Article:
From the Boston Phoenix (September 15, 1989). — J.R.
Recyclings of Hollywood history are very much with us, but this postmodernist conflation of seven vintage Chuck Jones cartoons, one each by Friz Freleng (Hyde and Go Tweet) and Robert McKimson (Prize Pest), and with 60 percent new animated material masterminded by Greg Ford and Terry Lennon, succeeds where such previous compilations as Bugs Bunny, Superstar and Daffy Duck’s Movie fail. In an attempt to revive the long-dormant Warners cartoon tradition, Ford and Lennon wrote two new Daffy Duck cartoons, Night of the Living Duck and Duxorcist. Drawing on the currently popular horror genre, they expand these two with vintage Warners cartoons deftly woven together. And so, in lieu of Ghostbusters, they offer Quackbusters.
The new material suggests they may have been a little anxious about tampering with the sacred Warners animation vaults. Daffy inherits the fortune of millionaire I.B. Cubish and starts a ghostbuster business, hiring Bugs Bunny and Porky Pig as “associates” (read: “dupes”) to carry out all the dirty work, with Porky’s cat Sylvester brought along as an office pet. But Cubish’s ghost expects Daffy to be an honest businessman (businessduck?) and public benefactor, so every time Daffy displays unethical, venal behavior, the cash in his Acme safe dwindles.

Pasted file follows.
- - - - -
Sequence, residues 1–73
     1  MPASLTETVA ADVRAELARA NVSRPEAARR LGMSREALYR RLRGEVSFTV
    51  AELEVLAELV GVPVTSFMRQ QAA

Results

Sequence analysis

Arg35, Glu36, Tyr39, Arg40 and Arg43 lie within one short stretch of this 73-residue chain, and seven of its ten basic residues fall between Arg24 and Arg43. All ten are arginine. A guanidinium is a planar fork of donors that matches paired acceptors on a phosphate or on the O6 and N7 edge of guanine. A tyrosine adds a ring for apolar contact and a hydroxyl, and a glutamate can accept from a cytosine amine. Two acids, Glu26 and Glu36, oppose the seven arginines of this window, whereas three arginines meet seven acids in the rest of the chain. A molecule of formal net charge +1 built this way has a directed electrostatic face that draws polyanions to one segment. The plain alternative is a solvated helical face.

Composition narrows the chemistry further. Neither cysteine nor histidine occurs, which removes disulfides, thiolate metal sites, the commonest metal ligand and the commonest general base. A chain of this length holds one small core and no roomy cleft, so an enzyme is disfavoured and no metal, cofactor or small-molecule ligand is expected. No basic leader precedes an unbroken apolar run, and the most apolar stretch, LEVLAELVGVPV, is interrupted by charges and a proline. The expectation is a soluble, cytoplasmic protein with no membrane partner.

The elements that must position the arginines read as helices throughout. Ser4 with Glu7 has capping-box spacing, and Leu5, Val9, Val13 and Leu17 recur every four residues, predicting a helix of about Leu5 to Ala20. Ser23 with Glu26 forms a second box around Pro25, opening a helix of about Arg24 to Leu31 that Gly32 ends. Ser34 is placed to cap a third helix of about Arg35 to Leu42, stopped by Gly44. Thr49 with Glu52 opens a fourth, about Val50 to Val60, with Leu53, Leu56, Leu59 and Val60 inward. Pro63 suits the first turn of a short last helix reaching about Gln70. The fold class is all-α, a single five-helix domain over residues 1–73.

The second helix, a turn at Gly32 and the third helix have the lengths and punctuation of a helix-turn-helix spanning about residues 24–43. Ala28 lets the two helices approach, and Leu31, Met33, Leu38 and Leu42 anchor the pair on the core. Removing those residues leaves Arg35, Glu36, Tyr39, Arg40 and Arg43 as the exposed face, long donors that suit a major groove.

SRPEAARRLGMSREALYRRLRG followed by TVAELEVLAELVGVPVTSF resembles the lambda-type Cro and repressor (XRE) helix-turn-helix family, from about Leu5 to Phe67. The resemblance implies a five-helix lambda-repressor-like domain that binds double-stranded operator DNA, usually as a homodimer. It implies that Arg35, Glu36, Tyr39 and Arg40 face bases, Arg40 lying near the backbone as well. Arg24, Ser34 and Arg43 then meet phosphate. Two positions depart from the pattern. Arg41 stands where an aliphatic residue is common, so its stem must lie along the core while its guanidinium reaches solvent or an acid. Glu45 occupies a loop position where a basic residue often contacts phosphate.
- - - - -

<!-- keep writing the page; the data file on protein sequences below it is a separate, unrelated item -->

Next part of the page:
Not wanting to squander or dilute their own Warners legacy, Ford and Lennon deck out their selections with new material that manages to be topical while paying tribute to the Hollywood cartoon’s tradition. They also adroitly match old cartoons with new contexts. At one point in the plot, Sylvester is deposited by Daffy on the window ledge, where Hyde and Go Tweet, complete with Tweety Pie, is soon underway; this concludes with Sylvester crashing through a brick exterior and then back, mid-gag, into Daffy’s office in the new footage again.
Intertextual hijinks also riddle Night of the Living Duck, which begins with Daffy plowing through his collection of horror comics and into a dream where he finds himself in a nightclub performing for an exclusive clientele of famous monsters. Daffy prepares for his number by drinking a bottle of Eau de Torme (calling to mind the late James Agee’s rude remark that Mel Torme “reminds me of something in a jar but is, unfortunately, less quiet”) and then, in Torme’s actual voice, sings a ditty called “Monsters Lead Such Interesting Lives”. Typically, Ford and Lennon keep ever in view the nostalgic movie past that these Warner characters evoke.
— Jonathan Rosenbaum